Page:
* During bootup, the .sfs and .pet files listed in loadsfs file on the USB boot device, either as /patch/loadsfs or /profiles/Common/loadsfs, (don't mix - the former overrides the latter, other locations are ignored) will also be loaded if they exist somewhere on the USB boot device. You can reference there as many files as you want - even a truncated but unique basename, e.g., "wine", or (if you are unsure about capitals in the filename) "?ine" is enough to locate "wine_puli-1.7.21.pet". Note that while, on the one hand, only the memory limits the number of the auto-loaded files; on the other hand, they cannot be unloaded in the current session. Puli is prepared to auto-load an (ONE) official chrome .deb package referenced in loadsfs, too. The chrome package name must be like "google-chrome-stable_34.0.1847.137-1_i386.deb" (this is how an official Google Chrome package name looks like).

* Notice that the auto-loaded files are merged into the /initrd/pup_rw folder: they arrive there in the order of their appearence in your loadsfs file. As in other Puppies, you may install five additional .sfs files on-the-fly later (into /initrd/pup_ro4 ... /initrd/pup_ro8). However, Puli offers a workaround if you need to load more than five .sfs files on-the-fly. Menu item Setup > Merge SFS files gets (based on their alphabetical order) the *.sfs files found in /root folder, then merges them into /root/puli.sfs. Move it to the pendrive and reference it as a single item to load/unload it using the Settings > SFS-Load menu item from the desktop.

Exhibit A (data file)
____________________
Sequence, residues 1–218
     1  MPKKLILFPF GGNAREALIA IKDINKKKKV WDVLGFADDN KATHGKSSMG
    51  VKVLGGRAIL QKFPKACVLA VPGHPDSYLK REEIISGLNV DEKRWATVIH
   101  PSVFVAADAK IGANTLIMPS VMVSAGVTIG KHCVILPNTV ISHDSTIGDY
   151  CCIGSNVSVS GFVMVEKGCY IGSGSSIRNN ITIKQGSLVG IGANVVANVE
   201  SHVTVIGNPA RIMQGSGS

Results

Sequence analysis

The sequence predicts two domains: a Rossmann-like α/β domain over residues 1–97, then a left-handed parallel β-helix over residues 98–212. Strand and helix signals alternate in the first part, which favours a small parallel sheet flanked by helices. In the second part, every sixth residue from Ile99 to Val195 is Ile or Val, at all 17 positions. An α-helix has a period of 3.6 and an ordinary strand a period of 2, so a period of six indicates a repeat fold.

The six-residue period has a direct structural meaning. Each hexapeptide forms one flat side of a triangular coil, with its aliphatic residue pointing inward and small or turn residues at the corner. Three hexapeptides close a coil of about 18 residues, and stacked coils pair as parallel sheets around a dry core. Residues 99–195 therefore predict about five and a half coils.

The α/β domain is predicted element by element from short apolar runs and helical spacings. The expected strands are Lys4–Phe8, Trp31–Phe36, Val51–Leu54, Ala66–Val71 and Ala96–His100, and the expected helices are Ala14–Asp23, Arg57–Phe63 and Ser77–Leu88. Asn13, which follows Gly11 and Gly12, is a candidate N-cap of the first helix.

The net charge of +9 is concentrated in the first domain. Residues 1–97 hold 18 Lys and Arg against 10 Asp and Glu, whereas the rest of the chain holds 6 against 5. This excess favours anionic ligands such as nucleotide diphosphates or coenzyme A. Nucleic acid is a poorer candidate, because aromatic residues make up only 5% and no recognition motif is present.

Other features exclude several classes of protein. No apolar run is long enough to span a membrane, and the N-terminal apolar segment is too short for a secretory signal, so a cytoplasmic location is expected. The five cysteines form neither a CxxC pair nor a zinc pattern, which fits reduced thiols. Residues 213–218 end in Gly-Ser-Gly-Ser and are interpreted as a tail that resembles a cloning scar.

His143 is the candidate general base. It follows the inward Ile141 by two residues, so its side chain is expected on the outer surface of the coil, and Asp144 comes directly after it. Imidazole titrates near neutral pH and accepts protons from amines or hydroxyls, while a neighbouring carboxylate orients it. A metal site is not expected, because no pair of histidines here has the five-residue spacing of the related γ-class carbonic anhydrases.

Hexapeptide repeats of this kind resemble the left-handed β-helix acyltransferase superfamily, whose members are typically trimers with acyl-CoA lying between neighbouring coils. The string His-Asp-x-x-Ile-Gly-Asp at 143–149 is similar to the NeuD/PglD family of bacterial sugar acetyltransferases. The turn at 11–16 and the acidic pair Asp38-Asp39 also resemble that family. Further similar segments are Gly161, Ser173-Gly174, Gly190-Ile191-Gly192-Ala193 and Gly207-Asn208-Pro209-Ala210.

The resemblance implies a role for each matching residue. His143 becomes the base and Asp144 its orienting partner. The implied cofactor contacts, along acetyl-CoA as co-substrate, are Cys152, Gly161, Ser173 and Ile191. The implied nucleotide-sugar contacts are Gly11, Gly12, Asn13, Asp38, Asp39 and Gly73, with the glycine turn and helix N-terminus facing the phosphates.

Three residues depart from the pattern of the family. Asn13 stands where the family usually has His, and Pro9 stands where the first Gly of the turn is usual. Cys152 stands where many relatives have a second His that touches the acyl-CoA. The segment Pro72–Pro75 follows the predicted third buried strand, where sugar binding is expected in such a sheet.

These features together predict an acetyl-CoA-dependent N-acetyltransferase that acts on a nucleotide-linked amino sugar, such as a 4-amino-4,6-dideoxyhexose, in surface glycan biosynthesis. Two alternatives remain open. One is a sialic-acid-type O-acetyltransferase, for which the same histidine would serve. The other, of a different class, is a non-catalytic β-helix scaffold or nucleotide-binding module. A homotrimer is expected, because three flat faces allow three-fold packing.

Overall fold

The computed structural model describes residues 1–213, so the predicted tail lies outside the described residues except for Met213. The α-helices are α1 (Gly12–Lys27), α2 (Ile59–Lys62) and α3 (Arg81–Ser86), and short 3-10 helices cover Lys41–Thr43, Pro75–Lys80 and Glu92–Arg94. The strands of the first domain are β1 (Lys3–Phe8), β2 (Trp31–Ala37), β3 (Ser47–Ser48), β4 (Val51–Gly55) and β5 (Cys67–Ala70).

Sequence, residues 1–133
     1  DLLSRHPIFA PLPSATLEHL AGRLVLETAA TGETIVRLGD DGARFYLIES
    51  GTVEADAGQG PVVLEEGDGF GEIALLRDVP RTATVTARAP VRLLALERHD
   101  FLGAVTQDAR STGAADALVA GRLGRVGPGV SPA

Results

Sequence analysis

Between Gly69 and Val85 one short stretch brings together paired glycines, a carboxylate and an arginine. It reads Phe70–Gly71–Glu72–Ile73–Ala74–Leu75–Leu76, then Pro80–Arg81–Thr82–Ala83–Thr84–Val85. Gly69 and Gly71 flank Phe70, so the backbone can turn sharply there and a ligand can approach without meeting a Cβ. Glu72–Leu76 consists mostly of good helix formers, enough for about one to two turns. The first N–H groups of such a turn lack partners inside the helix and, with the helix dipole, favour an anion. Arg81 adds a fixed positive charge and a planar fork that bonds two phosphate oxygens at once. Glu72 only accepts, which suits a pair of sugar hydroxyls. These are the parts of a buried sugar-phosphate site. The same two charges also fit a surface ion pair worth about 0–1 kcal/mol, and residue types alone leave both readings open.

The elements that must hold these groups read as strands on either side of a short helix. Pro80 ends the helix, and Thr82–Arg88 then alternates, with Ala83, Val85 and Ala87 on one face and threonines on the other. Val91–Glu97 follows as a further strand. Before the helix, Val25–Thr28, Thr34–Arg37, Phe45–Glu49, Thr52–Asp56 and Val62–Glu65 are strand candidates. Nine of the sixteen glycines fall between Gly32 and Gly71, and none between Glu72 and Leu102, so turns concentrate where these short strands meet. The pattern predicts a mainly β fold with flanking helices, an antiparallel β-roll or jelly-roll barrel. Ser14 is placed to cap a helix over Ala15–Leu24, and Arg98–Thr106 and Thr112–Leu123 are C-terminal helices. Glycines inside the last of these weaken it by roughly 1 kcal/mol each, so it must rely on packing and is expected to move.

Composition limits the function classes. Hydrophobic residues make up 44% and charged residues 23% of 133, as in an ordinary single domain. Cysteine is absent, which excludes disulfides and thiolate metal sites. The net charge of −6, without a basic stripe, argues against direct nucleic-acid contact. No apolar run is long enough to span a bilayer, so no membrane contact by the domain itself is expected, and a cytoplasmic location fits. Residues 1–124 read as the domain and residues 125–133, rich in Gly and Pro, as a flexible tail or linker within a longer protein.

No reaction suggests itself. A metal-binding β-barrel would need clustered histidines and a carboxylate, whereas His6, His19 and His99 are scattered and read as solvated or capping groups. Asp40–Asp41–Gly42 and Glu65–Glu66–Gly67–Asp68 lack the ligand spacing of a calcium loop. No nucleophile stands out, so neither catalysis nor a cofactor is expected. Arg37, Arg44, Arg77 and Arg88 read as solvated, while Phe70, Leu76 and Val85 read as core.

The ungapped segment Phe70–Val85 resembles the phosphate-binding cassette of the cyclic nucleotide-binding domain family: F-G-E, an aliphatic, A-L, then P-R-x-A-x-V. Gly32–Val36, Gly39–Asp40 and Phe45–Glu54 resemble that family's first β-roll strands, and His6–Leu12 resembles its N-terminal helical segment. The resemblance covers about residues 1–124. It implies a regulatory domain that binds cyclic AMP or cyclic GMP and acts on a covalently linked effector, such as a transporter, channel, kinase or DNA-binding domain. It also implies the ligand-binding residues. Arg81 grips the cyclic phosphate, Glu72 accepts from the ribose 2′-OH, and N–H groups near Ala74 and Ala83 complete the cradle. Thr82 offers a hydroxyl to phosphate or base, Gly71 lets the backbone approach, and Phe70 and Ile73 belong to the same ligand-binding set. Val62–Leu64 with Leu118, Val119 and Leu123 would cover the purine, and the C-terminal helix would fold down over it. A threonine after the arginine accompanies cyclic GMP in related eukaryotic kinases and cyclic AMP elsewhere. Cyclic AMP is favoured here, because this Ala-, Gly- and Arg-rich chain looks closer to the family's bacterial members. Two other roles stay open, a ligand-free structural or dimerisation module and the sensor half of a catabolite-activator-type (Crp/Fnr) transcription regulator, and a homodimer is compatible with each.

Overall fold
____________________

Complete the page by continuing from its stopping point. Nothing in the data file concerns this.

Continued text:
* You can save your session settings to auto-load them on the same machine next time. The following examples are here only to help understand the basics. However, their result should be similar to what you get by clicking the Save: patch button on the Shutdown dialog.

Example A. Preserving only the audio configuration:
    a. Set up the sounds with the Retrovol tray icon.
    b. Open a terminal.
    c. Issue alsactl -f /etc/asound.state store